The Education Department has also established a process called rehabilitation that allows people to make nine consecutive monthly payments of at least $5. That brings the loan into good standing and allows them to access federal financial aid.
The Education Department also has another process for people with sentences of 10 years or more to have their loan balances written off by the government. That stops loan servicers from trying to collect, but it doesn’t restore Pell eligibility. Since September 2011, the government has written off the loans of more than 25,000 incarcerated borrowers, according to the Education Department.
Technically, the current rehabilitation process is the same for everyone, a spokesperson for the Department of Education said. It’s relatively straightforward for a borrower on the outside who can call the Education Department for information and then set up an online payment plan with their loan servicer. But the process is difficult – and in some cases nearly impossible – from behind prison walls.
For more than a year, Newman has been trying to bring her loan into good standing so she can take college classes.
She sent a handwritten letter to the Education Department last year requesting information on her loan and informing them that she was in prison. In response, she received paperwork for her counselor to fill out verifying her incarceration, which she promptly sent off. Almost a year later, she’d heard nothing about the status of her loan.
“They can give me all kinds of 1-800 numbers, and they can give me all kinds of addresses to write to,” she said. “But I don’t hear back from them.”
Like Newman, most people in prison don’t have access to the internet to look up information about their loans or set up payment plans. Toll-free 1-800 numbers are blocked unless they are on a special list approved by the prison administration, outgoing phone calls are limited to 15 minutes, and prisoners can’t receive incoming calls.
Newman is lucky because she has family support, she said, but she’s reluctant to ask her relatives to do even “one more thing.”
“My family is already taking care of my kids. And they’re already making sure to get money on my account, and they’re doing so much as it is,” she said.
Many people in prison are only able to manage their loan payments because they have help on the outside. Tydarius Newell, 34, was a full-time college student prior to going to prison in Florida in 2014. He had $30,000 in student loans from studying business at Warner Southern University and Tallahassee Community College. He assumed his loans had been put into deferment, a status where payments and interest are temporarily suspended, until he applied to Miami Dade College’s Second Chance Pell program at Everglades Correctional Institution in 2021.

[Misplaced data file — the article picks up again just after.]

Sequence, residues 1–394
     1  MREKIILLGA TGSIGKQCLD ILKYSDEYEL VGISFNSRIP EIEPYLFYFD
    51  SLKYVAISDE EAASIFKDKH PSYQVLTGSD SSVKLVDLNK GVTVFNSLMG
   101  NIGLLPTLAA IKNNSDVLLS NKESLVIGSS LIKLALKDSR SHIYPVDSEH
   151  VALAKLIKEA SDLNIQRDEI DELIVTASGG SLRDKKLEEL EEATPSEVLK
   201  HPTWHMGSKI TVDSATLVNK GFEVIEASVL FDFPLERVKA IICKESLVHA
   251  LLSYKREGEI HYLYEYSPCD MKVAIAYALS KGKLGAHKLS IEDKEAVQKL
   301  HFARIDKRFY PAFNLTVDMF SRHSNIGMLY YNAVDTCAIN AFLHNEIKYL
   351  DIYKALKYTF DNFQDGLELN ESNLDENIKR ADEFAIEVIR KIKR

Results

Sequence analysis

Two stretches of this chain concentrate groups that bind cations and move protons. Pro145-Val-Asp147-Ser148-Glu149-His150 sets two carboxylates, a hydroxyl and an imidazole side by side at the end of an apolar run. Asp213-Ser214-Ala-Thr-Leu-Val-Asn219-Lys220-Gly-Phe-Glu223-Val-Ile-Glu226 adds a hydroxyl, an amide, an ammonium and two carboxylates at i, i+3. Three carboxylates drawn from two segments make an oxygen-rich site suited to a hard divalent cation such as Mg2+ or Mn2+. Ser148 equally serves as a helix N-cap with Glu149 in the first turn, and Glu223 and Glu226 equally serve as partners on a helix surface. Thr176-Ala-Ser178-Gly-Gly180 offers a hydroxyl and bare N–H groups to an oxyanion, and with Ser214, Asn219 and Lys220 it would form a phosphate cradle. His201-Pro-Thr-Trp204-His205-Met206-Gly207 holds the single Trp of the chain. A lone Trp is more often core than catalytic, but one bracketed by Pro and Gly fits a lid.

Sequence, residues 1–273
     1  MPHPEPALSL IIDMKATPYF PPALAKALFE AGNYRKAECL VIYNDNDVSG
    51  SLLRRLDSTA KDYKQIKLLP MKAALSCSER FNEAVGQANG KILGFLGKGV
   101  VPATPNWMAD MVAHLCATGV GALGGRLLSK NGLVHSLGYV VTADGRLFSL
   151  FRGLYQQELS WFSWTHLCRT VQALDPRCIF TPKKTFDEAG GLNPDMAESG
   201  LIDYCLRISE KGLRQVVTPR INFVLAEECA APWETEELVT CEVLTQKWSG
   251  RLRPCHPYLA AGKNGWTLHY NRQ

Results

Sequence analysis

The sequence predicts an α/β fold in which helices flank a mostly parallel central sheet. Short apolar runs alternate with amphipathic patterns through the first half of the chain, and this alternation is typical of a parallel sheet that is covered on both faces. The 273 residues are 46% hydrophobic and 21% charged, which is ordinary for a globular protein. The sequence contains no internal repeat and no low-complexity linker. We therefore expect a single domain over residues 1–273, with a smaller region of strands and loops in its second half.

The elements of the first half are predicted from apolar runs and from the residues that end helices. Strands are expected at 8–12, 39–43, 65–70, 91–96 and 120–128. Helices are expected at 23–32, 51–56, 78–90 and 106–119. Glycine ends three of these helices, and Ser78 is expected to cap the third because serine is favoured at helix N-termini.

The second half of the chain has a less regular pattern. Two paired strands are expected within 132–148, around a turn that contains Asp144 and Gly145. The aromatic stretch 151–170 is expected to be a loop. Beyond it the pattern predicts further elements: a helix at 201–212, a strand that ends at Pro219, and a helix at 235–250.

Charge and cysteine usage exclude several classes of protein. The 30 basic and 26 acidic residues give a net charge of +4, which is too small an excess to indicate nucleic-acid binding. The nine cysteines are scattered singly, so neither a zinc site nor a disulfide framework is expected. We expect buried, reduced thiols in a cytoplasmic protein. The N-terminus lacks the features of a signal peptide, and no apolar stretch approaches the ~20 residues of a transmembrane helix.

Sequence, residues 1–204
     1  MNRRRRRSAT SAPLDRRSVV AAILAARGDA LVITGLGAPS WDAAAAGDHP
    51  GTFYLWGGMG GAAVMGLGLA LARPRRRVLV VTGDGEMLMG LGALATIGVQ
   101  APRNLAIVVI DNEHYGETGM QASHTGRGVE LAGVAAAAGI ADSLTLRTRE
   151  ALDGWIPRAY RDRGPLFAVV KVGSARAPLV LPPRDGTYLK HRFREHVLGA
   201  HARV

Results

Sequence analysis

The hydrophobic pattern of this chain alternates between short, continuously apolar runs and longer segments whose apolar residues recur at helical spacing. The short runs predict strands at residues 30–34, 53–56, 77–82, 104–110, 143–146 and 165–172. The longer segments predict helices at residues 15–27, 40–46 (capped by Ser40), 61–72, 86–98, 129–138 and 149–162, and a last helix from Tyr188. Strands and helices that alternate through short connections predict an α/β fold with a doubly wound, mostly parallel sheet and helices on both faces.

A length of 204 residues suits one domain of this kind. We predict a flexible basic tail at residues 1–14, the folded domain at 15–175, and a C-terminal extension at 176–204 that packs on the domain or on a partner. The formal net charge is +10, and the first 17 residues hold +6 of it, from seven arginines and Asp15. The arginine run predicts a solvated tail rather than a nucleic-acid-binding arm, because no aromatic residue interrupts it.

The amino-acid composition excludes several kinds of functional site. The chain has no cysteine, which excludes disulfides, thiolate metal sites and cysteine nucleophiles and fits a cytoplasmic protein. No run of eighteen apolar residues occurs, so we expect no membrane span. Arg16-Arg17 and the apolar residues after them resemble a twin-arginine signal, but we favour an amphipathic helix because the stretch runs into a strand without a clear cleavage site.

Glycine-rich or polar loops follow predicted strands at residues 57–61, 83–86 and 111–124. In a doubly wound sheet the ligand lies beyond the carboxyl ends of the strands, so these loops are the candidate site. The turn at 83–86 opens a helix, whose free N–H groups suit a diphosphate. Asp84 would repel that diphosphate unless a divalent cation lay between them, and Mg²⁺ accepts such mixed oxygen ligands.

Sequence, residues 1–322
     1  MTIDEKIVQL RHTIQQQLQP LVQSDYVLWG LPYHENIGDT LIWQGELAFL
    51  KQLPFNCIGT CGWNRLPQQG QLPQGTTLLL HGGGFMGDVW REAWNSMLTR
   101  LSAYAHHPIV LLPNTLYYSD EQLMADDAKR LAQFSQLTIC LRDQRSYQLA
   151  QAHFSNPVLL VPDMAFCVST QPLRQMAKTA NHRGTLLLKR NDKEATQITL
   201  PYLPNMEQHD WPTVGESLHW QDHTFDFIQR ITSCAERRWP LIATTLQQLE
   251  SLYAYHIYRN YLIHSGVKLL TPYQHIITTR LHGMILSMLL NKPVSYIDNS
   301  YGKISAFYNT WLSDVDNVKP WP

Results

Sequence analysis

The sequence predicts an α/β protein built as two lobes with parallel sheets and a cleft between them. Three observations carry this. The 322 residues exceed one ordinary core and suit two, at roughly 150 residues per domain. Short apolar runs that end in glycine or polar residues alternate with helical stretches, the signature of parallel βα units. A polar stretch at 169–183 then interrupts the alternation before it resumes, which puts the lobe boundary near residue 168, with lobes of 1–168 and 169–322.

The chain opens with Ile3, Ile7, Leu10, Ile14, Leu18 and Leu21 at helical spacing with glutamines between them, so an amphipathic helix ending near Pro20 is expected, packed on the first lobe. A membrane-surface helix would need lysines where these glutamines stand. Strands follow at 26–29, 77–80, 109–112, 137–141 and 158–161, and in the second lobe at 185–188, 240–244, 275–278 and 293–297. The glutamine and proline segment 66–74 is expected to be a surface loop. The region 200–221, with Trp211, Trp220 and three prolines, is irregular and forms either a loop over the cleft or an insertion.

Newell was able to set up an installment plan after sending the necessary documentation, but only because his family is able to pay the $5 a month for him. “I was told by the prison administration that if I didn’t have family to help set up payments, then I couldn’t go to college.”
This is another part of the process where bureaucracy gets in the way. He couldn’t rely on being able to make the payments from his prison account on time, even though he has money on his books, he said. To send payments, he has to fill out a form at the prison, which is then approved by the administration and forwarded to the Florida Department of Corrections central office in Tallahassee for processing.
Newman and other prisoners report that the multi-step transaction can result in delayed payments. But Paul Walker, press secretary for the Florida Department of Corrections, said the department has staff that process “special withdrawal” payments. “This process does not take several weeks,” he said, “nor does it prevent any inmate wishing to pay external financial obligations from doing so in a timely manner.”
A single late installment during the rehabilitation process means the borrower has to restart the nine payments all over again.
A $900 student-loan debt ultimately kept John Nelson, 57, out of college altogether. He applied for Miami Dade’s Second Chance Pell program in 2019 and again in 2020 but was rejected due to the 10-year-old debt.
“I couldn’t set up a rehab payment because my mother has dementia and nobody else could initiate the payments for me,” Nelson said. “We had the money but no one could help.”
The red tape, he said, made him give up. “Now I’m leaving prison next year without a degree.”
Some state correctional departments have started to provide resources to assist in loan rehabilitation as part of reentry support. The Iowa Department of Corrections, in partnership with the state’s workforce development agency, has four reentry career planners that serve nine prisons.